Some waters are better left untouched. Especially when they’re guarded by territorial creatures. The gazelle in the clip at the bottom of the page didn’t know what was coming and in a twist of fate, its predator became the prey. There’s no happy ending but the video does leave you in a suspended state of awe.
Do Crocodiles Have Good Eyesight?
If you were to compare a crocodile’s eyesight to a human’s eyesight, they can see about 6.5 times less than what a human can. However, even with this deficit, they are incredibly keen, particularly when nightfall occurs. They have multi-focal lenses that allow them to see different shades and make out different shapes. They also perceive the full-color spectrum. Although their eyesight is not as good as a human’s, they can easily find their prey, move in with stealth, and chomp down for a full meal.
How Do Gazelles Protect Themselves?
Gazelles have horns that protrude from the top of their heads — this is their form of defense if they’re caught in a fight. If they face a small predator, they butt their heads against it. A gazelle’s other form of defense is its speed. If it can get away, it’s more likely to survive an encounter with larger predators. They can reach high speeds and they communicate with one another if danger is present. This alert can help give other gazelles a head start, increasing their chances of evading stalking predators.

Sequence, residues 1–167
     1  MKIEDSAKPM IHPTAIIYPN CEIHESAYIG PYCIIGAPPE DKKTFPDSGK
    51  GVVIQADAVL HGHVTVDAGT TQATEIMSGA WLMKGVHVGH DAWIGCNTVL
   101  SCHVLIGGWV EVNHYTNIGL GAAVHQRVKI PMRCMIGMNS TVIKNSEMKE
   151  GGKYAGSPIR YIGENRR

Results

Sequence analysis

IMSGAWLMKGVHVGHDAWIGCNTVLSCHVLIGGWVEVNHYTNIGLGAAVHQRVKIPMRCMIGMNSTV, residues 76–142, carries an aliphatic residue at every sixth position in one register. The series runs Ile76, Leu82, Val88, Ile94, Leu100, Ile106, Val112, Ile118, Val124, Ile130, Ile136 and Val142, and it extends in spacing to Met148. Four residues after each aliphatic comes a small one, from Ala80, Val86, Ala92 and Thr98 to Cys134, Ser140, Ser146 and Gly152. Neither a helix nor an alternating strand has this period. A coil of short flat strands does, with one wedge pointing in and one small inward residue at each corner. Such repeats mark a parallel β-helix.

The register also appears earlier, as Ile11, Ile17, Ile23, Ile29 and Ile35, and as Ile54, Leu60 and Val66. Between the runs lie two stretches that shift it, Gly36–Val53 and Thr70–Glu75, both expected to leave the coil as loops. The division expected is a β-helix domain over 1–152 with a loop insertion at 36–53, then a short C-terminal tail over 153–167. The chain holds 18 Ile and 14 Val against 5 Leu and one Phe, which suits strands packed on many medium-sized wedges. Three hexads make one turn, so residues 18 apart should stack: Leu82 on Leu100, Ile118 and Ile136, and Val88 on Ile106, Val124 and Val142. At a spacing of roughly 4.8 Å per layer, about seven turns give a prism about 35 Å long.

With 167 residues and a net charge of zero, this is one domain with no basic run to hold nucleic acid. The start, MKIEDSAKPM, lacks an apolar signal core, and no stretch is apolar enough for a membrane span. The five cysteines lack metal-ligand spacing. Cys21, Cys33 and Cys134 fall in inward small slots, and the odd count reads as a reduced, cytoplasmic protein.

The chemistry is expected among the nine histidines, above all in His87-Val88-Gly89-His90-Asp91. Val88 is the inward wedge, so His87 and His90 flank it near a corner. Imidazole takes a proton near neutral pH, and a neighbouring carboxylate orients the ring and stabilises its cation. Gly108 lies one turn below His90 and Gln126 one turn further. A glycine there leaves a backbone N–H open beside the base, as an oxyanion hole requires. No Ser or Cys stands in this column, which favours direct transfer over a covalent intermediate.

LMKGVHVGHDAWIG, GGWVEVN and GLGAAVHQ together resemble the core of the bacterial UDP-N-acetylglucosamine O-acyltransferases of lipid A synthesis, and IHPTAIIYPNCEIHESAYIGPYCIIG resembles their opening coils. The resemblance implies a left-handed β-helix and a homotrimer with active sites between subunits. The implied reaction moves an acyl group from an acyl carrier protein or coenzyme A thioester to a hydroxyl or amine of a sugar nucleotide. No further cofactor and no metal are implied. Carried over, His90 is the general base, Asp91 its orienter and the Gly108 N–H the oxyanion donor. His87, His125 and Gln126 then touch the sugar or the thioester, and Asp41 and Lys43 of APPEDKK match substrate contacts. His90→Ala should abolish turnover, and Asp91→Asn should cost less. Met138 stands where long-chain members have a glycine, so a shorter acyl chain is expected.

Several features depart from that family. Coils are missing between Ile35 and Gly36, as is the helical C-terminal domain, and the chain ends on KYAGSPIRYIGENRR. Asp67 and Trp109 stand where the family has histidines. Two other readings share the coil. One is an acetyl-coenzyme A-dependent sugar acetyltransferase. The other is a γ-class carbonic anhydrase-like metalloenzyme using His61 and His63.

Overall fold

There’s Always a Bigger Fish
The clip below perfectly demonstrates the proverb, “there’s always a bigger fish.” While crocodiles are known for their ferocious natures and indiscriminate appetites, in this clip you see that even they become prey to larger predators. When the clip starts, a gazelle is walking on a sandbar, right next to a huge croc. Although a gazelle is speedy on land, it can’t outswim a croc. The gazelle starts with a long jump, helping it get ahead in the water. It cuts through the water quickly, but the croc is in close pursuit.
The camera zooms in on the gazelle and that’s when you notice something else in the water, fast approaching the ill-fated pair. The gazelle keeps swimming, its instincts to survive leading the way. Just as the crocodile appears behind it, its mouth agape and quickly biting down, the other animal in the water attacks the croc with the gazelle in its mouth. It’s a hippo. All three disappear underwater just as the clip ends. Although hippos don’t eat crocs, they certainly don’t hesitate to kill them.
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